Acoustic Monitoring system.

    An opportunity to assess the capabilities of the developed localisation modules was given by recordings collected with a bottom-mounted (around 2080 m

    depth) tetrahedral compact hydrophone array located offshore the port of Catania (Sicily) during the NEMO-ONDE campaign in the years 20052006 by

    INFN and CIBRA [2]. A well-known class of methods for acoustic source

    localisation is based on time differences of arrival (TDOA). Its capabilities have shown to be useful even in adverse situations (i.e., few sensors, high noise

    levels and/or poor calibration). A second class of methods, the spacetime

    methods, originated in underwater applications such as sonar but reached its most significant achievements over the last 20 years in digital communications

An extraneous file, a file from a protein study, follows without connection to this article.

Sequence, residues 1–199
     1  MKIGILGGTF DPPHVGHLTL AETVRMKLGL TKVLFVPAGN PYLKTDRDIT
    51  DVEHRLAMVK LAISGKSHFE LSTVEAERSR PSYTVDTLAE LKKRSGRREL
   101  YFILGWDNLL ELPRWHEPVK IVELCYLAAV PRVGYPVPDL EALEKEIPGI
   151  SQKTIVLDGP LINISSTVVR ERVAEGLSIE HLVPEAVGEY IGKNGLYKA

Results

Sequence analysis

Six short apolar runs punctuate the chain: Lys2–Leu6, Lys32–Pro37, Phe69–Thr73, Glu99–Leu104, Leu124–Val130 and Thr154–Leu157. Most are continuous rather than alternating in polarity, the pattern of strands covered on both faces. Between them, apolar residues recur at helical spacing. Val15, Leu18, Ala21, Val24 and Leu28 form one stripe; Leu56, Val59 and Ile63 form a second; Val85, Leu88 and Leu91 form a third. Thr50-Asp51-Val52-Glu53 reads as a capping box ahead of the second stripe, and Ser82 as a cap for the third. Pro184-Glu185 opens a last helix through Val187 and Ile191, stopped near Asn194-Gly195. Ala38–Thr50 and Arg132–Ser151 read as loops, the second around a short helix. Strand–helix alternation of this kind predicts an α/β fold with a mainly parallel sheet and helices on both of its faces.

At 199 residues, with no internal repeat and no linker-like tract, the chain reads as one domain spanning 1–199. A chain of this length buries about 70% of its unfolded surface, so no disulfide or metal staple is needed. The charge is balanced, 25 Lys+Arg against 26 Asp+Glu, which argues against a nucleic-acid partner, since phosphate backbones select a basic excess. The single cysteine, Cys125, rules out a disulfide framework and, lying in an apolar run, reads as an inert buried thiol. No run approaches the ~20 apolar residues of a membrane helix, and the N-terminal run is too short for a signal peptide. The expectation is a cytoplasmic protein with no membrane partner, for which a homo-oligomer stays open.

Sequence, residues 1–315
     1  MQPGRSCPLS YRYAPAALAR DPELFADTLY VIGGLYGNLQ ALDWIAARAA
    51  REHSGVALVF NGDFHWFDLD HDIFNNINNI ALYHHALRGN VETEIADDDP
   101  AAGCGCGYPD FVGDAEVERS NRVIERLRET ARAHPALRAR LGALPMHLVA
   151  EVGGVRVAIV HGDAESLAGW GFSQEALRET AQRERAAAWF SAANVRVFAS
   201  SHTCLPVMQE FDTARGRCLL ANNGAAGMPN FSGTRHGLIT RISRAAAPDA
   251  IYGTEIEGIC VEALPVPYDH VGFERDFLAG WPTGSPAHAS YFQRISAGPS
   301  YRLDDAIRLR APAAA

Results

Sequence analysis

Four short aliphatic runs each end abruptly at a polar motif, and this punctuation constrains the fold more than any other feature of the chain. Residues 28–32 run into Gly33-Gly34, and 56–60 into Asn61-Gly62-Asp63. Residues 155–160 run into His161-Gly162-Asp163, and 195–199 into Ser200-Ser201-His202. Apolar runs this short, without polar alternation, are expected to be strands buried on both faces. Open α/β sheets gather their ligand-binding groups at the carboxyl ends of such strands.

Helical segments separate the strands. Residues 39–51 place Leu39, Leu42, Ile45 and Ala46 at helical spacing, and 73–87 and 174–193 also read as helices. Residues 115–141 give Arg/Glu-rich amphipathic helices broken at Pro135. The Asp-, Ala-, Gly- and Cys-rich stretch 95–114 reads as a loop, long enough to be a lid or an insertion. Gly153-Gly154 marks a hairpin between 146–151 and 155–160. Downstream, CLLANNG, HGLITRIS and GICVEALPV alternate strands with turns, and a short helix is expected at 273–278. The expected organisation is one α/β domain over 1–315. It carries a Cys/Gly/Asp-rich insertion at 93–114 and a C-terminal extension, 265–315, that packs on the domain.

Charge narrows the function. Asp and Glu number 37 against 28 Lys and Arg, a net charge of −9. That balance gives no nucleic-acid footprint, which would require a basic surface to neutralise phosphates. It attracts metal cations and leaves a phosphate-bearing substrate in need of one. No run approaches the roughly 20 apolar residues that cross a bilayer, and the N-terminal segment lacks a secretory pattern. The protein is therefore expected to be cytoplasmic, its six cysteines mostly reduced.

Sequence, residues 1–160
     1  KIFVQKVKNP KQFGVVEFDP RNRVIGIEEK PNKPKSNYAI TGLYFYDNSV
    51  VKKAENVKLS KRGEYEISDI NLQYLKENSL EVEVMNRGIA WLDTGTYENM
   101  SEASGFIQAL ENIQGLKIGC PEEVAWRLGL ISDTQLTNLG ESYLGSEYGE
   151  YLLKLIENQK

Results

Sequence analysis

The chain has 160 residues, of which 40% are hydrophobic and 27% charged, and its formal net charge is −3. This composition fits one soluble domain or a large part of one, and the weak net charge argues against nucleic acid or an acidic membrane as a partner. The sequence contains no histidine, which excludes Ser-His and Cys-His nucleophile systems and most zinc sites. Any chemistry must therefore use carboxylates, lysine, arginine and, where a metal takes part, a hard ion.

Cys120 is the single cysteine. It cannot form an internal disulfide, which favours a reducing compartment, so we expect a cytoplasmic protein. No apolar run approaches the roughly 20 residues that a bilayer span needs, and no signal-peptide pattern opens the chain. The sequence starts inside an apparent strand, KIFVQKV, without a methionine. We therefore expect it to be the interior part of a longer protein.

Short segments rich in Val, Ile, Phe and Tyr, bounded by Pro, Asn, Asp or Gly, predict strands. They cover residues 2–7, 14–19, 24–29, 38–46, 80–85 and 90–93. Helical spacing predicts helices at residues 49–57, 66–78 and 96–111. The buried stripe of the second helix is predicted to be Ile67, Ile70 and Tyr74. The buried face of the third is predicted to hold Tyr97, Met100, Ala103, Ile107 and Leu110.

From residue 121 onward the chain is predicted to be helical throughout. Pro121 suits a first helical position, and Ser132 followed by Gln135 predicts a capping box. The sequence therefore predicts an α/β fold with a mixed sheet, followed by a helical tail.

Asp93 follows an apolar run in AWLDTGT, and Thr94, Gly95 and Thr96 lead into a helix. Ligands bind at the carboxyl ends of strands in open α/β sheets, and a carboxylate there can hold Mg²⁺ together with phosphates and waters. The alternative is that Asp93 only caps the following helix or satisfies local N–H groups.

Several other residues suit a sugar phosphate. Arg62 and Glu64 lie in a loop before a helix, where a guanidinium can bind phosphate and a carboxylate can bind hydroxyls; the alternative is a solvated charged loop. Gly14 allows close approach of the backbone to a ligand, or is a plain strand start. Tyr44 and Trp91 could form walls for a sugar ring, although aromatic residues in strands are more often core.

with recent progress in the treatment of broadband signals. These

    developments are here revisited under the scope of the localisation and tracking of cetacean vocalisations.

    Various broadband spacetime methods were implemented and allowed to map the sound radiated during the detected clicks and to consequently localise

    both sperm whales and vessels. Hybrid methods were also developed which improved the robustness of spacetime methods to noise and reverberation and reduced processing time. In most cases, the small variance obtained for these estimates lessened the necessity of additional statistical clustering. Even

    though not independently confirmed by sightings, the tracks derived in the